By Constantinos E. Scaros
Revered
for
centuries
throughout the world, the
Parthenon “has become the icon
of western art, the very symbol
of democracy itself,” writes Joan
Breton Connelly, in her latest
book, The Parthenon Enigma
(New York, NY: Knopf, 2014).
But the renowned classical
archeologist – who has taught
at some of the finest universities
in the world and is currently a
professor of classics and art history at New York University –
has turned Ancient Greek scholarship virtually on its ear
through a startling and groundbreaking theory that may be
construed as the iconic temple
was built to glorify human sacrifice. Though the experts are
mixed in their responses, the
common denominator is that
The Parthenon Enigma has
gained a lot of attention.
Dr. Robert B. Koehl, Professor of Archeology and Chair of
the Classical and Oriental Studies Department at the City University of New York’s Hunter
College, told TNH that Connelly’s is a “new and exciting interpretation.”
Though many of our readers
possess quite a bit of expertise
in Ancient Greek history, archeology, mythology, art, and literature, a brief overview may be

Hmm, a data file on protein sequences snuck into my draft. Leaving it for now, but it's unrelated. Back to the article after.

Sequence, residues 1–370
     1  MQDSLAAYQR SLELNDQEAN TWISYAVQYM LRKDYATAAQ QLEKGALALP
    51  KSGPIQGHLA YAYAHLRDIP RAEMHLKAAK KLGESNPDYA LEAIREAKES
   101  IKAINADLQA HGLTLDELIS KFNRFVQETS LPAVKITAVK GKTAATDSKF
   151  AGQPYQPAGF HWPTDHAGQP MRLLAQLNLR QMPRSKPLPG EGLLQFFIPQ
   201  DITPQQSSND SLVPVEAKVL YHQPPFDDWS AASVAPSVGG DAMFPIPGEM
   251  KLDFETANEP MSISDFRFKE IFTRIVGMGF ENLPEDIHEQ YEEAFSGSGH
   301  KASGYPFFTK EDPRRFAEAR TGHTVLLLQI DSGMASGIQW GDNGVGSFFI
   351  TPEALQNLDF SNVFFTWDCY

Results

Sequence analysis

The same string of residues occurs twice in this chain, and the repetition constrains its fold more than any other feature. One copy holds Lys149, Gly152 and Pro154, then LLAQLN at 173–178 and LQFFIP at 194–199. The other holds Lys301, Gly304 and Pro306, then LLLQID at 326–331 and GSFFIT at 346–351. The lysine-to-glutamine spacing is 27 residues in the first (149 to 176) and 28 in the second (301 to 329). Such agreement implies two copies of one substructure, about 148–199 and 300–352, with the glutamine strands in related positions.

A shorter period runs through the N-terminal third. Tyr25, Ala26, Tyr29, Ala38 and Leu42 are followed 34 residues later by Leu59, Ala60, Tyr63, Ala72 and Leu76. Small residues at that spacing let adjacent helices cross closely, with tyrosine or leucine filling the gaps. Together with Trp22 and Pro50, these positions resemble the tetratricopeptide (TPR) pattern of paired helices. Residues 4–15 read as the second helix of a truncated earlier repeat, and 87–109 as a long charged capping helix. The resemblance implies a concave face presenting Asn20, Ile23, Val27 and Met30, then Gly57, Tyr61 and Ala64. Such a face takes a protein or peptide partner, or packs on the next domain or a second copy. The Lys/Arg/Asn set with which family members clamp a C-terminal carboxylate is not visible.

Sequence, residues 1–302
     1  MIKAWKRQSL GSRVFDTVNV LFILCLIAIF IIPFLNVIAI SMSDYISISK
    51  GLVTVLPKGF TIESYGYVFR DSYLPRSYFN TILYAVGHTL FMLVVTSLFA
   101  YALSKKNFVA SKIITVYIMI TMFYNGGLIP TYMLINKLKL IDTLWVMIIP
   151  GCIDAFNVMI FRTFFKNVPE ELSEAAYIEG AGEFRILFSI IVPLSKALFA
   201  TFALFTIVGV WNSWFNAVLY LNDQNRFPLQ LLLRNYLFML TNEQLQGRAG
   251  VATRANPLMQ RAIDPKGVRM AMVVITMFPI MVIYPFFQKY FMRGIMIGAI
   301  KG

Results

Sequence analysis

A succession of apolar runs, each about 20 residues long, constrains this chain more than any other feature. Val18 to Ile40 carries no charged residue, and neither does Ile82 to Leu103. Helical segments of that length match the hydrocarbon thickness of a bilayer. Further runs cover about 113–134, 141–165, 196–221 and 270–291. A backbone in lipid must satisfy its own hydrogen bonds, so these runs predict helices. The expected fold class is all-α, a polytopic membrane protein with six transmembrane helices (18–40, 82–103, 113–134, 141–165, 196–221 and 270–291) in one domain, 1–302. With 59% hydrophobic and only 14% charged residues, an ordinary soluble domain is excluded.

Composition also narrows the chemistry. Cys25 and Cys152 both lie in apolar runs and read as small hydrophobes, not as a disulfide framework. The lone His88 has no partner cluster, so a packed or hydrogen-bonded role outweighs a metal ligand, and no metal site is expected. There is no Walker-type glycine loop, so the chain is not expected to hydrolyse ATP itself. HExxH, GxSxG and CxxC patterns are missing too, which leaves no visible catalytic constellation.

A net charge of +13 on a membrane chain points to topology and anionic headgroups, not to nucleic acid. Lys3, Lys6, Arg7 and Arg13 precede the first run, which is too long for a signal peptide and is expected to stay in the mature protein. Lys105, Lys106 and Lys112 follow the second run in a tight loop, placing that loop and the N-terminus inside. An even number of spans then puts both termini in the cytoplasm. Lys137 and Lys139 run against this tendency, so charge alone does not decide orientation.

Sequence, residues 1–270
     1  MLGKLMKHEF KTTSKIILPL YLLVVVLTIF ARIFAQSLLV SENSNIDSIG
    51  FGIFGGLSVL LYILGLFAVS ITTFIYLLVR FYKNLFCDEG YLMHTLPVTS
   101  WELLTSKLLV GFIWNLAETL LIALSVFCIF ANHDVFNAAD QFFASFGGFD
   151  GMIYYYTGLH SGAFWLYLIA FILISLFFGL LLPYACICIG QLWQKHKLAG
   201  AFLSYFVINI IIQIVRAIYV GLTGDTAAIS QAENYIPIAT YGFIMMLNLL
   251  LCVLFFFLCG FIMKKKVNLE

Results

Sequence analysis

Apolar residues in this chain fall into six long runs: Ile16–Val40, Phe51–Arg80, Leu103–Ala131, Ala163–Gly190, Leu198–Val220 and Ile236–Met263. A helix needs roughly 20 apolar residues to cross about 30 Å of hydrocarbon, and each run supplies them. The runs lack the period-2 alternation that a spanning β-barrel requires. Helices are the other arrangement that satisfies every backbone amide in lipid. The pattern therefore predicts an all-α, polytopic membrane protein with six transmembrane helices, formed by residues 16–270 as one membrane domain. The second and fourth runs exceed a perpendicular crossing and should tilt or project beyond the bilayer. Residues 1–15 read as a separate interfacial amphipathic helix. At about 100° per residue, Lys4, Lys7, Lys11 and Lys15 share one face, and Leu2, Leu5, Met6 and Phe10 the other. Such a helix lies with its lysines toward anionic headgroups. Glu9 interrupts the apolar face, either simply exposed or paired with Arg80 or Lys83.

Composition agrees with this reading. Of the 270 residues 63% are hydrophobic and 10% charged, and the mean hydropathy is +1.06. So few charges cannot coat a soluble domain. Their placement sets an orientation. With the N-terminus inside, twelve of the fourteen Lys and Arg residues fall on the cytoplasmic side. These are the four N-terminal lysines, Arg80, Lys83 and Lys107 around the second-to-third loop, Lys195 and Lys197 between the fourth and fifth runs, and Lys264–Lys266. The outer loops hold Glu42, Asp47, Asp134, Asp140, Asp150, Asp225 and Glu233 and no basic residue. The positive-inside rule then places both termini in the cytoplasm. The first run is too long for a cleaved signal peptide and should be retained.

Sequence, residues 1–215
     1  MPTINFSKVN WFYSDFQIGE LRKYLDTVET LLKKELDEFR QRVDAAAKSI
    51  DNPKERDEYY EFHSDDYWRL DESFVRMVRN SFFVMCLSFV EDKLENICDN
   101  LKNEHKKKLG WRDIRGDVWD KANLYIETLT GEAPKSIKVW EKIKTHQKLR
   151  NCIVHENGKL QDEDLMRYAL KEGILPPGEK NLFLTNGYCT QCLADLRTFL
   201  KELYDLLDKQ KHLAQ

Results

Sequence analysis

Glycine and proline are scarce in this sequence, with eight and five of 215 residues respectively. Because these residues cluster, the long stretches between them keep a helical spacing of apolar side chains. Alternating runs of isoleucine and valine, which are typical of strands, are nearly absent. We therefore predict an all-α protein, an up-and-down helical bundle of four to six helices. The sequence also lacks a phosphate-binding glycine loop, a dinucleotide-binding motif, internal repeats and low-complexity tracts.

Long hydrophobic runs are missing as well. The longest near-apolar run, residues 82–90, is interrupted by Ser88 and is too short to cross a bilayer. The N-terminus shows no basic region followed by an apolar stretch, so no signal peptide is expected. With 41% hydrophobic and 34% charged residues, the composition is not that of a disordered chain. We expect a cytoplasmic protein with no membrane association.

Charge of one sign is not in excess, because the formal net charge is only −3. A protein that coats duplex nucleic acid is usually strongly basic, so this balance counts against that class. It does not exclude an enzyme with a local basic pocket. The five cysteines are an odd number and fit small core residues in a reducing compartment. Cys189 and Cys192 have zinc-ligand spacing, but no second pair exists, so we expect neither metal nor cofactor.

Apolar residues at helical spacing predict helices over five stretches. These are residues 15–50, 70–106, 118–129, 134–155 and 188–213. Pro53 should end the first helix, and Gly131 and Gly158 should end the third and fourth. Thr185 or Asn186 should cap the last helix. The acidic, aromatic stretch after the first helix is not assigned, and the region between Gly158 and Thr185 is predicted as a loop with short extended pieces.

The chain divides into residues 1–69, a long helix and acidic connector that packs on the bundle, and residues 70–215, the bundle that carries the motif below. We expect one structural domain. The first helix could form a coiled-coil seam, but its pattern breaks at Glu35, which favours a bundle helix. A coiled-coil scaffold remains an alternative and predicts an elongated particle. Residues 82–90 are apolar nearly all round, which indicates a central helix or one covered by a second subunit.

helpful here in properly presenting and classifying Dr. Connelly’s hypothesis as well as
commentary by Koehl and other
experts in the field whom TNH
interviewed for this piece.
PARTHENON
AND ACROPOLIS
the
words
Although
“Parthenon” and “Acropolis” are
sometimes used interchangeably, the former refers to the actual temple built in Ancient
Athens – part of which remains
standing in modern-day Athens
– and the latter to the highest
point of a city (derived from the
Greek words “acros” meaning
high or highest, and “polis”
meaning city). The Parthenon,
therefore, is situated at the
Athenian Acropolis.
The historian Herodotus
wrote about a previous
Parthenon, which was destroyed
by the Persians in 480BC. The
Athenians left the rubble atop
the Acropolis undisturbed, a
shrine commemorating that
somber moment in the citystate’s history. The other preeminent Ancient Greek historian,
Thucydides, wrote about why
the Athenians had a change of
heart and rebuilt the Parthenon
roughly 50 years later: Pericles,
arguably the most influential
leader of Ancient Athens. It was
Continued on page 9